Other times, a real window into the hopes and dreams of typical Americans is opened, with all manner of sensational sentiments careening forth. Bored teenagers discuss why they are leaving home, while a very young couple across the country (the bride and mommy-to-be is only 15) lay out their entire life plan in front of the mobile home salesman (who used to be a professional baseball player) trying to pitch them a portable palace. An admitted abuser runs off to Hollywood to seek fame and fortune before accepting his paternal responsibilities to a newborn baby back home, and a grizzled ex-hippie discusses how a move to Tennessee was "completely necessary" for him and his wife to finally consider a divorce. There are dreamers and dilettantes in abundance in Where Are We?, people poised on the edge of success and/or self-denial. It's thanks to the expert handling by Epstein and Friedman that this movie never meanders over into the maudlin or the morose. Instead, even in their darkest hour, there is a light pouring out of these individuals that is truly quite remarkable.
In fact, the primary lesson we learn from this masterpiece of factual filmmaking is that most people are possessed with a near-manic feeling of optimism. Life may have buried them in lemons, but not only are they going to make a delicious beverage out of the fruit, but they also plan on selling the leftovers and making a mint in the process. Even the most downtrodden and troubled of the folks we meet along the way are peppered with a surety of self that brightens their entire outlook. From old ladies arguing over the ethics of gambling (a riverboat is about to open in their small, riverside town) to a dying AIDS patient who sits by "his" window and watches the world go along on its schedule ("it's dinnertime, so the kids will be riding by on their bikes soon"), there is a love of life and a spirit of survival that may seem clichéd, but is far from forced in this fascinating film.
Interestingly, another consistent stereotype about this great land of ours is also confirmed in Where Are We?: that is, the United States of America is a breathtaking, beautiful place. We live in a luxurious land of unending vistas, sweeping plains, and gorgeous, masterwork horizons. Just witnessing the directors driving down a dirt road toward an infinite sunset seems to speak volumes for the endless opportunities and limitless courage contained in this tiny nation. Granted, we don't have the heritage and history of Europe, or the archeological ambiance of Africa or the Middle East. But this Western world is a coast-to-coast theme park of promises and prayers, possibilities and pardons. Anyone who thinks the USA is a troubled, tortured territory need look no further than the people populating Where Are We? They represent the true essence of our country, the unspoiled resource of hope and humanity.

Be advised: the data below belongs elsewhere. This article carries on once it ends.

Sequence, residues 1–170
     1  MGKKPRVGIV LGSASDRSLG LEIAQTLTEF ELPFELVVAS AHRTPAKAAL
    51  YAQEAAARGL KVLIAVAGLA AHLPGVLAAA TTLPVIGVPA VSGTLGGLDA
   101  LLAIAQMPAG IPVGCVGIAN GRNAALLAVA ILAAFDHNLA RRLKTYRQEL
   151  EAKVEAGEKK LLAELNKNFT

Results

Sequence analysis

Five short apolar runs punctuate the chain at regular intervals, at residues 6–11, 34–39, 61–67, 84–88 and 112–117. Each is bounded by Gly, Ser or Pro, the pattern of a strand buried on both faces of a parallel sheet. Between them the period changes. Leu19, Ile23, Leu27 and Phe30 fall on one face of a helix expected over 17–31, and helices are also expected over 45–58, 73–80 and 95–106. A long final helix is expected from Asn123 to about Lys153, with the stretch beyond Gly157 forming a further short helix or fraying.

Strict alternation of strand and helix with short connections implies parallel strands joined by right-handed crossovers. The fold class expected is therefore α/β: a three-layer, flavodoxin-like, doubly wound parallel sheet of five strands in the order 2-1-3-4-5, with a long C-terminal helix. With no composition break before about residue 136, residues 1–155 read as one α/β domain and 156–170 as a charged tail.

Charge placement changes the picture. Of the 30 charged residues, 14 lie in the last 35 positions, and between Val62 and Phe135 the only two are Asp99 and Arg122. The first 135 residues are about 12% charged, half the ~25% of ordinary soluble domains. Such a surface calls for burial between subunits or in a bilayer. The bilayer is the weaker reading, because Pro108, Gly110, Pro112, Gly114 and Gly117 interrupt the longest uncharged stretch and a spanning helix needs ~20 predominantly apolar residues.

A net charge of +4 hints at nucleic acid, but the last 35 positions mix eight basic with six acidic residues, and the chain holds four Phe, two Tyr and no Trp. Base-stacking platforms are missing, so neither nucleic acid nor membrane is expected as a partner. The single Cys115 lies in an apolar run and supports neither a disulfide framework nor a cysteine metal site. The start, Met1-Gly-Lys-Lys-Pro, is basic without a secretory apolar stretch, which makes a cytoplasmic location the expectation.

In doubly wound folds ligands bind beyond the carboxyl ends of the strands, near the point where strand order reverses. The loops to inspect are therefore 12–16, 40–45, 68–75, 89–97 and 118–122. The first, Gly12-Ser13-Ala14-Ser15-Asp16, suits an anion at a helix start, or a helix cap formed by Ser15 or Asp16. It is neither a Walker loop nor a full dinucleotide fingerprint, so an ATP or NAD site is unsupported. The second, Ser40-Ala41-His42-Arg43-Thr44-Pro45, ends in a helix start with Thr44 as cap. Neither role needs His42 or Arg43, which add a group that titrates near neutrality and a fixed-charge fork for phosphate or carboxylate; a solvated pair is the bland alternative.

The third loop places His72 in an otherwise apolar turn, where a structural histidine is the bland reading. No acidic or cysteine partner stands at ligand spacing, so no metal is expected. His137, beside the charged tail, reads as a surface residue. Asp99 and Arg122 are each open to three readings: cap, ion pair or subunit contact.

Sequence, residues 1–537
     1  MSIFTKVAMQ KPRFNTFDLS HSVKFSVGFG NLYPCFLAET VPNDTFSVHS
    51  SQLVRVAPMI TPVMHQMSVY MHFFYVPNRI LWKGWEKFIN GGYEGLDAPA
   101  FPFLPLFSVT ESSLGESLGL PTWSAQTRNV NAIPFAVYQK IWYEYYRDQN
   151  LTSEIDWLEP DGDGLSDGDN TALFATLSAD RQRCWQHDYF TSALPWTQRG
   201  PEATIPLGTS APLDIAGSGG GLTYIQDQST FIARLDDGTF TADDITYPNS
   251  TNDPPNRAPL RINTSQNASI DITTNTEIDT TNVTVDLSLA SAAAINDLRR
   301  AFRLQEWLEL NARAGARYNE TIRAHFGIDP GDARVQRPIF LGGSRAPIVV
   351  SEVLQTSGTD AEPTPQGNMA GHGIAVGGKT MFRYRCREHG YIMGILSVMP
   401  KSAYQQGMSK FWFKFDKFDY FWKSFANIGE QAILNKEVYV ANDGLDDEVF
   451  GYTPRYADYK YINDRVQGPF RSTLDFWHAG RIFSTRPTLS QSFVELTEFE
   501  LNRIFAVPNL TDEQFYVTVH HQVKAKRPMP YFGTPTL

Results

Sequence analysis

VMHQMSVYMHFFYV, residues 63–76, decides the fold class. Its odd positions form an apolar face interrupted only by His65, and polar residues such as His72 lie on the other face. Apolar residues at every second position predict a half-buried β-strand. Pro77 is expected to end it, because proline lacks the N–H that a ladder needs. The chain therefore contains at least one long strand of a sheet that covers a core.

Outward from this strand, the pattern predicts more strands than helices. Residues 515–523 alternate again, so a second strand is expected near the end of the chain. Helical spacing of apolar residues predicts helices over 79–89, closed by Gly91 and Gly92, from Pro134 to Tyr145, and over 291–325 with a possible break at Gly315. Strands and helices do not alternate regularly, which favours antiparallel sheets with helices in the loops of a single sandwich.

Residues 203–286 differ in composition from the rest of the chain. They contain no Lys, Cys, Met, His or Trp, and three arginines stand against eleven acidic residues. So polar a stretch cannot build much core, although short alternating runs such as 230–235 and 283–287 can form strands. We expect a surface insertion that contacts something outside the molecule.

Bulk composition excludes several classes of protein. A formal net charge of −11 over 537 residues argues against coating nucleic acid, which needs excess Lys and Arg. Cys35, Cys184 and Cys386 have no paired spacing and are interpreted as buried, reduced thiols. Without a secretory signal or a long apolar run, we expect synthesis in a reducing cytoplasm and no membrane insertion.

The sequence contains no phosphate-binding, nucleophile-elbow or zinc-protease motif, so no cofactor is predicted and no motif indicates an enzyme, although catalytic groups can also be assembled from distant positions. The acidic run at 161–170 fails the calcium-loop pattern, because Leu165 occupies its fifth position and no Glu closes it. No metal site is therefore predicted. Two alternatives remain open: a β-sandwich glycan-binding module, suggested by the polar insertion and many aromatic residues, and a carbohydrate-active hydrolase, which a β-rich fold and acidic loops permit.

Shot with minimal equipment over 18 days, Where Are We? looks stunning on the 1.33:1 full frame image presented by New Yorker Films. Though some grain is apparent in a few night scenes, the rest of the direct-from-camcorder transfer is colorful, sharp, and just terrific. In an inspired turn, the filmmakers use the sonic cue "Aquarium" from Carnival of the Animals by Camille Saint-Saens to suggest moving into the magical realm of real people, and the Dolby Digital Stereo serves this beautiful, mysterious music wonderfully.
As for extra features, we are given access to about four minutes of missing footage, scenes removed because—as the directors say on their sole commentary for the film (able to be accessed during the deleted material)—they were too "obvious" or didn't make their point clearly enough. Vergie's obsessive Elvis collection is an easily understood edit; she's almost incoherent in her descriptions. But the Rev. H. D. Dennis seems like a real character; someone who, once he got going, would surely cough up a compelling story or two. Along with some stills in a photo gallery and a set of trailers for New Yorker's movies, this is a minimal DVD presentation. Luckily, the movie it contains is a flawless example of your own stomping grounds being the best source for inspiration.
Where Are We? asks an intriguing question. And the answer, at least from this critic, is equally evocative: anywhere, apparently, that we want to be.
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Scales of Justice
Studio: New Yorker Films
• Deleted Scenes